Radon is a cancer-causing radioactive gas. It comes from the natural decay of uranium that is found in nearly all soils. It typically moves up through the ground to the air above and into your home through cracks and other holes in the foundation. Any home can have a radon problem. In the U.S. it is estimated that nearly 1 out of 15 homes has an elevated radon level.
Testing is the only way to know if you are at risk. Radon gas is invisible and odorless. Both long and short-term testing devices are available. A homeowner should consult a radon professional to determine what type of test is best suited for his situation.
Radon gas increases the risk of getting lung cancer. Your chances of getting lung cancer from radon gas depend on factors such as the homes radon level, the amount of time you spend in your home and whether you are a smoker or have ever been a smoker. Recent studies estimate that between 15,400 to 21,800 deaths per year are attributable to radon gas.
The test should be conducted in the lowest livable level of the house, which is usually the basement. The test kit should be placed at least two feet above the floor. All windows and outside doors on the level you are testing should be closed during the test period.
The current U.S. EPA guideline is a radon gas level lower than four picocuries per liter of air (4pCi/L). In Canada the federal government has recommended that the Canadian acceptable level for radon should be 800 becquerels per cubic meter of air (800 Bq/m3). If your test results are at or above the government acceptable level a radon mitigation system should be considered.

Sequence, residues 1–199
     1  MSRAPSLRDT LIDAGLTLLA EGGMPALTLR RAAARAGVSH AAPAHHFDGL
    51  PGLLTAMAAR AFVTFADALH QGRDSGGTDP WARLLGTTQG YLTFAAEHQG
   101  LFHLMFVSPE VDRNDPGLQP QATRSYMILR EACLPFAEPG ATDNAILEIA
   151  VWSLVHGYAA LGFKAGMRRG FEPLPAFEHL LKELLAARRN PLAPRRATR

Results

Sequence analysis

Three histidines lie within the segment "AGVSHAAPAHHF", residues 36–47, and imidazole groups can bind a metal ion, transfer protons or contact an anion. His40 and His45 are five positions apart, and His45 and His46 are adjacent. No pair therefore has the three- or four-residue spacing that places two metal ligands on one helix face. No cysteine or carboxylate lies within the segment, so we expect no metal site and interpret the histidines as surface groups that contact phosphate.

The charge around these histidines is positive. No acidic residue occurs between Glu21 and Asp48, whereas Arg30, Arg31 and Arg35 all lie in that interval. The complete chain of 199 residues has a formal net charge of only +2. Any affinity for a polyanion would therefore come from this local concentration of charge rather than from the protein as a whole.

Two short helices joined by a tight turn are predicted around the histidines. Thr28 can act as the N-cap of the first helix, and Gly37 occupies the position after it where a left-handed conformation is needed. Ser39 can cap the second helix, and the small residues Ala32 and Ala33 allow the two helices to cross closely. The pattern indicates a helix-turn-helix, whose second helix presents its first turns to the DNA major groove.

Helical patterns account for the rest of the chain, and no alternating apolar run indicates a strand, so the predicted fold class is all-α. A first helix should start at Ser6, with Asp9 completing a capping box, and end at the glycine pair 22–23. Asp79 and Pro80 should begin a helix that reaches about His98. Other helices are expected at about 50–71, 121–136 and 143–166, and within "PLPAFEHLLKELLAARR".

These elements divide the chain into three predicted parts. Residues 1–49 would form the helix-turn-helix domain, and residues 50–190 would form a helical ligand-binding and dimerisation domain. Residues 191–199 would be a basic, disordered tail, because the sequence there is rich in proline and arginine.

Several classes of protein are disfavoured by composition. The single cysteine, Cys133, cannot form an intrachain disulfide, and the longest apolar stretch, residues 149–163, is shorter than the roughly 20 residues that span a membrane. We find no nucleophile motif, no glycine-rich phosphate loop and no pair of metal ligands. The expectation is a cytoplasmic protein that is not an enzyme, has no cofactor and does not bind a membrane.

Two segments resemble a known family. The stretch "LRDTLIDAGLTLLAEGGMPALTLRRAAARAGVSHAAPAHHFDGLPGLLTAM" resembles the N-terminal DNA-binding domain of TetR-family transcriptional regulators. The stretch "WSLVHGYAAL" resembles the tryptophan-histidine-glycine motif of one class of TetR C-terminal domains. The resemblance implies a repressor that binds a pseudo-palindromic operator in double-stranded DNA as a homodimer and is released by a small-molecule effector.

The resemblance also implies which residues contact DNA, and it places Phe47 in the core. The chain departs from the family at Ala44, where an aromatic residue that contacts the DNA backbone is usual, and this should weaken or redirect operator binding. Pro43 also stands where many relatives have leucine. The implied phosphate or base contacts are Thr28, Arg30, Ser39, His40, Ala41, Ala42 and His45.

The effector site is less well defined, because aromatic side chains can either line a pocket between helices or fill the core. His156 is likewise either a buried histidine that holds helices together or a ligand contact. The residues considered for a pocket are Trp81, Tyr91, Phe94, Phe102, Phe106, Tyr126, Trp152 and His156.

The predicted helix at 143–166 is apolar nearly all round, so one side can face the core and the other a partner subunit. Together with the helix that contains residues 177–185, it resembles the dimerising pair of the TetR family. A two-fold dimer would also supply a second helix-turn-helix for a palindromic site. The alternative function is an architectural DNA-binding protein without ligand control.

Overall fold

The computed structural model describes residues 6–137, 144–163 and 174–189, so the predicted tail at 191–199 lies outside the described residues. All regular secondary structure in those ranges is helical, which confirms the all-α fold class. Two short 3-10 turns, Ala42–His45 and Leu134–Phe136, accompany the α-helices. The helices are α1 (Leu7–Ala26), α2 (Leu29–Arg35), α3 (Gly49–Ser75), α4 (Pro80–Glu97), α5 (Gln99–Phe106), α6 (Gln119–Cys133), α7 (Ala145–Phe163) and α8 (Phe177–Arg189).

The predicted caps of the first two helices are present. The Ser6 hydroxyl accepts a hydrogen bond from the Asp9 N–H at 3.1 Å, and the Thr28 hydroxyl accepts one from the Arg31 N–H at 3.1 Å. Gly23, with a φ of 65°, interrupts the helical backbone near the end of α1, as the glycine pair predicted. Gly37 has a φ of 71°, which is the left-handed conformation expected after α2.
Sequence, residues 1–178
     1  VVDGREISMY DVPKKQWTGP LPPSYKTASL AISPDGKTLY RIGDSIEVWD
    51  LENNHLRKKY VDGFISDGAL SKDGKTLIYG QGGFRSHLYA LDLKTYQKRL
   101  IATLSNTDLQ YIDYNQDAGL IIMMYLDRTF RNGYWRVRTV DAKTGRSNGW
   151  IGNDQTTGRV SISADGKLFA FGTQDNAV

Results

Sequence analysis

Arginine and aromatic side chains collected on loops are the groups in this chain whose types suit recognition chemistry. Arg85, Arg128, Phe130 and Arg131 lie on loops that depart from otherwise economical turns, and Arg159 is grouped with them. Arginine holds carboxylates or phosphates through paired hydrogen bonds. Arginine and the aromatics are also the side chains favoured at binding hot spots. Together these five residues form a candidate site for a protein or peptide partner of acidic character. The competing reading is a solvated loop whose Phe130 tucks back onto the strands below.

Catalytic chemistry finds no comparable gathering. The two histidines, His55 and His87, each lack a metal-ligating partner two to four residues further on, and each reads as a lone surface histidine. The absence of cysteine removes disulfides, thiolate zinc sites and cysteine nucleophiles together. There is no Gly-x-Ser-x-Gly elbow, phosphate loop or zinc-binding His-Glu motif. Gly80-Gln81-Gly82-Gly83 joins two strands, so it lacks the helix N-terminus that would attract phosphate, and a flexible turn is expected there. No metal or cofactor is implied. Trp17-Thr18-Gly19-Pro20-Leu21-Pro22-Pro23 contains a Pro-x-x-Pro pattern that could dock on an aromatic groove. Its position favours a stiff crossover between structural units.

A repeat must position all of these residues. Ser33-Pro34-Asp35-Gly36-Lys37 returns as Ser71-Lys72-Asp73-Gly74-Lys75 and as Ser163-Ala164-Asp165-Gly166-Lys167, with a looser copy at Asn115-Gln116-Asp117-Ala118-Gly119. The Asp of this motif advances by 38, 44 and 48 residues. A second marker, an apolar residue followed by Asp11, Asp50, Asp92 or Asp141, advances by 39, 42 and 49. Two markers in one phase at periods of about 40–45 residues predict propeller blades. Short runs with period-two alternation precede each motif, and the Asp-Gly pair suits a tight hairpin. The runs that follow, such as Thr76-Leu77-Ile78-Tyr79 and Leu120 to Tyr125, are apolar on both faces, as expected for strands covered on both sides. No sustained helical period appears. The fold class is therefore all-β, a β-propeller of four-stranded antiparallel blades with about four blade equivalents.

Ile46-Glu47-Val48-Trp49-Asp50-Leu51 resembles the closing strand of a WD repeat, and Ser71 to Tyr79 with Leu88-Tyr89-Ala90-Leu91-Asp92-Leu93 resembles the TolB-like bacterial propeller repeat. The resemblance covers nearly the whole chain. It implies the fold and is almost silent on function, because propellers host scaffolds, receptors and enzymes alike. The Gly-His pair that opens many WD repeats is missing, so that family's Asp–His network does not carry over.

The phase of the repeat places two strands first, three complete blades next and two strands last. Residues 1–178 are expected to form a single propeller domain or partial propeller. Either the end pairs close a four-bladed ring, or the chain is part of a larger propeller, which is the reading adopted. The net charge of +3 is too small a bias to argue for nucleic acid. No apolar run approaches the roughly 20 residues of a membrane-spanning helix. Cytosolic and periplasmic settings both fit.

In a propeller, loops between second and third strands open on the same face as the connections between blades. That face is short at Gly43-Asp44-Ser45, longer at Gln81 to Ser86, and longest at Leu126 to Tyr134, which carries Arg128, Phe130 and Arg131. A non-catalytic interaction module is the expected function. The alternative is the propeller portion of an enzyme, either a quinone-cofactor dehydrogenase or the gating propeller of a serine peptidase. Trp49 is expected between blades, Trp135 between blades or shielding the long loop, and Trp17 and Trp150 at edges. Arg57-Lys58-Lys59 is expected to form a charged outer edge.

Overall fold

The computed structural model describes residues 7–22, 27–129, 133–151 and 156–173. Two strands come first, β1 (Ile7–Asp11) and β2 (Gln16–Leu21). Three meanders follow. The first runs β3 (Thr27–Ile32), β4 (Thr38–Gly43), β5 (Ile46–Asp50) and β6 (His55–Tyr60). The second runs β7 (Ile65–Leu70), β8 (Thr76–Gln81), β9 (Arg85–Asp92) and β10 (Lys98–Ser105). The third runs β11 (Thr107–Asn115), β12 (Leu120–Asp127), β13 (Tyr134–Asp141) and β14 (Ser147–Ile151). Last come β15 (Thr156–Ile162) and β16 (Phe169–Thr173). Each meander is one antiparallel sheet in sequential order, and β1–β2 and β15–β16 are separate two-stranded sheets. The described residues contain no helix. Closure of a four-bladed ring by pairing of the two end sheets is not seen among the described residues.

Yes. Even very high levels can be reduced to acceptable levels. A radon professional is qualified to evaluate and install a system to solve the problem. In most cases these systems involve the installation of a fan and ducting to help prevent radon gas from entering your home. The fan operates continuously; duct work runs from below the basement floor to above the roofline where the radon gas is safely discharged. Generally these systems are designed to be as unobtrusive as possible. The radon mitigation contractor will design the best system for your home.
Very important. It is the only way to know if your system is working effectively. The radon professional will leave instructions on how to prepare for and conduct this post-mitigation test.
Yes, as these changes may affect radon gas levels. Re-testing after the completion of any construction is recommended. It is also advisable to consult a radon professional prior to any construction.
IMPORTANT NOTICE: The "Radon Reduction Program" is available to authorized homebuyers during the first year after closing on the property, provided the homebuyer has returned an executed service agreement to RMS and completed an approved radon test within this first year. For more information contact Radon Management Services.